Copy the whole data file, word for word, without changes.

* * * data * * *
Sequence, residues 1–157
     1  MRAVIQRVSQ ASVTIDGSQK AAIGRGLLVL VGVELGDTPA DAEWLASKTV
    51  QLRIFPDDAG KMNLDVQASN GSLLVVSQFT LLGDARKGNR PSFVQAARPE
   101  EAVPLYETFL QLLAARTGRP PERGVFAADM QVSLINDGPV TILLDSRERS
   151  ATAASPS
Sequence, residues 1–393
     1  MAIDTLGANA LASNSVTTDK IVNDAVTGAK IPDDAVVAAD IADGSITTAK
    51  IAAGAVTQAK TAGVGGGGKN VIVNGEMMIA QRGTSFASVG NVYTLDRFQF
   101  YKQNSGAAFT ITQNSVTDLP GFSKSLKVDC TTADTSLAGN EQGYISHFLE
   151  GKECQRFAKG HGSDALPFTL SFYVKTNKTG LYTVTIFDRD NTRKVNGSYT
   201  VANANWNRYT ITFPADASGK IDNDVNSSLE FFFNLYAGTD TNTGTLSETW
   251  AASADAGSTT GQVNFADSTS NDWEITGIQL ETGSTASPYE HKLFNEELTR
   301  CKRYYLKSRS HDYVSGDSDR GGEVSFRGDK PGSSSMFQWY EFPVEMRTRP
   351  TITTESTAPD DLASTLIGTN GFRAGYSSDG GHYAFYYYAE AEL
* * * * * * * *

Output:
Sequence, residues 1–157
     1  MRAVIQRVSQ ASVTIDGSQK AAIGRGLLVL VGVELGDTPA DAEWLASKTV
    51  QLRIFPDDAG KMNLDVQASN GSLLVVSQFT LLGDARKGNR PSFVQAARPE
   101  EAVPLYETFL QLLAARTGRP PERGVFAADM QVSLINDGPV TILLDSRERS
   151  ATAASPS
Sequence, residues 1–393
     1  MAIDTLGANA LASNSVTTDK IVNDAVTGAK IPDDAVVAAD IADGSITTAK
    51  IAAGAVTQAK TAGVGGGGKN VIVNGEMMIA QRGTSFASVG NVYTLDRFQF
   101  YKQNSGAAFT ITQNSVTDLP GFSKSLKVDC TTADTSLAGN EQGYISHFLE
   151  GKECQRFAKG HGSDALPFTL SFYVKTNKTG LYTVTIFDRD NTRKVNGSYT
   201  VANANWNRYT ITFPADASGK IDNDVNSSLE FFFNLYAGTD TNTGTLSETW
   251  AASADAGSTT GQVNFADSTS NDWEITGIQL ETGSTASPYE HKLFNEELTR
   301  CKRYYLKSRS HDYVSGDSDR GGEVSFRGDK PGSSSMFQWY EFPVEMRTRP
   351  TITTESTAPD DLASTLIGTN GFRAGYSSDG GHYAFYYYAE AEL